Assessment of the evolution of water-column stratification following the hypothetical implementation of widespread controlled upwelling in the North Pacific Subtropical Gyre
Gérard C. Nihous
The concept of widespread controlled upwelling proposed by Karl and Letelier (2008; Mar. Ecol. Prog. Ser. 364:257–268) is examined in a time-domain one-dimensional advection diffusion model of the oceanic water column for conditions representative of the North Pacific Subtropical Gyre (NPSG). Temperature is a proxy for potential density. When unstable stratification occurs in the time-stepping numerical algorithm, local homogenization is allowed to mimic buoyancy- driven mixing. Steady-state as well as time-varying solutions of the temperature field are calculated under various upwelling scenarios. Results suggest that upwelling rates exceeding the model’s background vertical advection rate (≈ 4 m yr-1) would profoundly affect upper ocean stratification. With large upwelling rates, the temporary cooling of the mixed layer would trigger a large compensating heat input from the atmosphere. High downward return advection rates associated with the controlled upwelling process would then transport this heat to deeper layers. In the long run, a net ocean warming would occur as well as a deepening of the mixed layer. This suggests that the potential carbon sequestration benefits from widespread controlled upwelling across the NPSG are unlikely to exceed 0.1 Gt C yr-1. Finally, it is argued that Ocean Thermal Energy Conversion (OTEC) electricity production throughout the NPSG should be considered for comparative purposes since OTEC also would use large amounts of deep seawater. For comparable flow rates, it is shown that OTEC systems would provide a much more effective atmospheric carbon control tool if they replaced fossil-fuel thermal power plants.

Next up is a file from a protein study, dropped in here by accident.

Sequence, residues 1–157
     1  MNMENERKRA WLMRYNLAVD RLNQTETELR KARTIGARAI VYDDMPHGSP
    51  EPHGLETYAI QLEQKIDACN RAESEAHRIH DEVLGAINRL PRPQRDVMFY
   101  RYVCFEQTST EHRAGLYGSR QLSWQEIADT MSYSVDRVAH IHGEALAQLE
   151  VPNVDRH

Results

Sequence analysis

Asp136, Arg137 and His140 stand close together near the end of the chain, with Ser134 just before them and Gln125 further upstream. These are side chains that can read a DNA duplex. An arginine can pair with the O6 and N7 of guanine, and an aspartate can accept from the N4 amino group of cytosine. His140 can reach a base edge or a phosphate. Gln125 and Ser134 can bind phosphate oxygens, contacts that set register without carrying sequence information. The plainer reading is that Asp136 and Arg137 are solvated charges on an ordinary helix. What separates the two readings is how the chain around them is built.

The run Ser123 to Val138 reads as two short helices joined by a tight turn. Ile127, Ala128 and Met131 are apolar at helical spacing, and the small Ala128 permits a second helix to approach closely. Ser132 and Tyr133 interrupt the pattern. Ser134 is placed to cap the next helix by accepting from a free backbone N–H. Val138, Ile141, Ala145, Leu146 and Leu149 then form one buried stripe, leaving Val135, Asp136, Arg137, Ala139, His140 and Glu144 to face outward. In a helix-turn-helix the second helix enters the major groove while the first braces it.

Keywords: Artificial upwelling, Mixed layer depth. Ocean stratification, Carbon sequestration